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Disruption is 1.0…Collaboration is 2.0…Partnerships are 3.0
Urban transformation is complex and comes in different phases–with the advent of new technology, there’s a continual shift in the development within cities which affects growth and economic wealth creation and which ultimately results in a new social order. And this continual shift opens the door for disruption in civic society by organizations that respond to the changing needs and demands of society, offering up solutions to problems that the local government isn’t addressing.

Disruption in Civic Society 1.0
Though our society is now more technologically driven than ever before, new technology is one of the factors that invites disruption. An example of this would be companies like Uber and Lyft. Both companies offered up a solution by taking advantage of a gap in society–the need for more drivers to transport people. While both of these companies basically evade every possible law and policy framework that’s been in place for more than a century, they succeed because they’re supplying a service that’s in demand and providing a solution that has not been addressed by local municipalities. These companies have also disrupted their industry; taking advantage of the slow moving incumbents who are overconfident and only begin to react when they realize that their businesses are taking a downward turn, but the realization comes too late. A brilliant, but an unsustainable model in the current legal framework of most governments around the world.

But what Uber and Lyft and other similar companies did was to demonstrate that there is a problem. Other startups and entrepreneurs are creating disruptive technologies–many more than city leaders realize simply because they’re not as high profile as Uber and Lyft. But when governments begin to recognize there’s a problem; solutions can’t be too far off, unless they refuse to address them. The question is, once the disruption is in place, how do government leaders take away something that society is happily using? This is where collaboration comes into play.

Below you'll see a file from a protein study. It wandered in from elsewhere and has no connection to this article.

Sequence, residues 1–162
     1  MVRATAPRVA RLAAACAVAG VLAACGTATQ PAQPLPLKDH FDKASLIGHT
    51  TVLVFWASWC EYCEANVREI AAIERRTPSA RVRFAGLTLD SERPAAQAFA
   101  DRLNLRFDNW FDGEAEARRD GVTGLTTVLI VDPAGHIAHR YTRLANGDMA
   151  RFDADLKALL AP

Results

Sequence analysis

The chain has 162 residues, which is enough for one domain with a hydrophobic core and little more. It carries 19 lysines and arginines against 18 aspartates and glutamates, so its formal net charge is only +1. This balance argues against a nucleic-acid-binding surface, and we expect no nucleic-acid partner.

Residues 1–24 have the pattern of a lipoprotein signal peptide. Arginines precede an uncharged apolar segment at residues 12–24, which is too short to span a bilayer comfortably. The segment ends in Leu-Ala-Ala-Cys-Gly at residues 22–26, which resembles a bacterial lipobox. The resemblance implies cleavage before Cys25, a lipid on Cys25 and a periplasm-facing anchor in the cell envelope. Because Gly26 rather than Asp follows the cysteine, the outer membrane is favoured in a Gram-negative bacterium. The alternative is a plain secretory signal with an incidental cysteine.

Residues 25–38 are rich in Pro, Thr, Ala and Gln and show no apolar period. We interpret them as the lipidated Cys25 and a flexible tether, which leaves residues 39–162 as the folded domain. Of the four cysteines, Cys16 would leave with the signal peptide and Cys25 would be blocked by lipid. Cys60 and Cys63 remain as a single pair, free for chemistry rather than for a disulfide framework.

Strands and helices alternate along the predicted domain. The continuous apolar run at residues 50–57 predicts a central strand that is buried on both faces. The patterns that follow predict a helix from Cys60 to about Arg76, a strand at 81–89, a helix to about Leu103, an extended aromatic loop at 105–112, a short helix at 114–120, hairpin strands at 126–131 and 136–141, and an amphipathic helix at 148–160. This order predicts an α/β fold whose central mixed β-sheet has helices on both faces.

Collaboration 2.0
Collaboration begins when city and government leaders realize everyone is in way over their heads. The services that society demanded and is now receiving from outside forces that responded when they didn’t or were slow to act are too valued to just take away. So what’s next? At this point, it’s time to collaborate, to partner with those that can bring collaborative innovation, help rebuild or create better, smarter city infrastructure platforms. The solution? Partnering with the private sector, turning to leaders in the industry sector in need of innovation. Embracing innovation with an entrepreneurial mindset is key to help define a path to benefit society.

Partnerships 3.0
Forging partnerships is the next step. First, disruption revealed that there was a problem, then collaboration helped leaders define it and begin to figure out solutions and at this point, it’s time to find the right partners and bring them in. Partnering with the private sector, city leaders can find custom tailored solutions to create smarter infrastructures, to provide better services in transportation, security, energy, mobility, communication and other areas. To anticipate and respond to the public need more rapidly than ever before. Once a partnership is in place, the city can then begin to integrate new technologies and solutions that result in economic growth, and increased environmental and social value–thus not only addressing the issues that caused the disruption but also improving the quality of life for all who live there.

While disruption may seem inevitable, city and governmental leaders can overcome it by understanding the causes, defining solutions and working with private sector experts who can put them into place.

Sergio Fernandez de Cordova, Co-founder and visionary behind P3 Global Management, P3GM and KAPTYN. At P3GM & KAPTYN he leads the global development and policy work behind structuring Public Private Partnerships (PPP) around smart infrastructure with local, state and federal governments.

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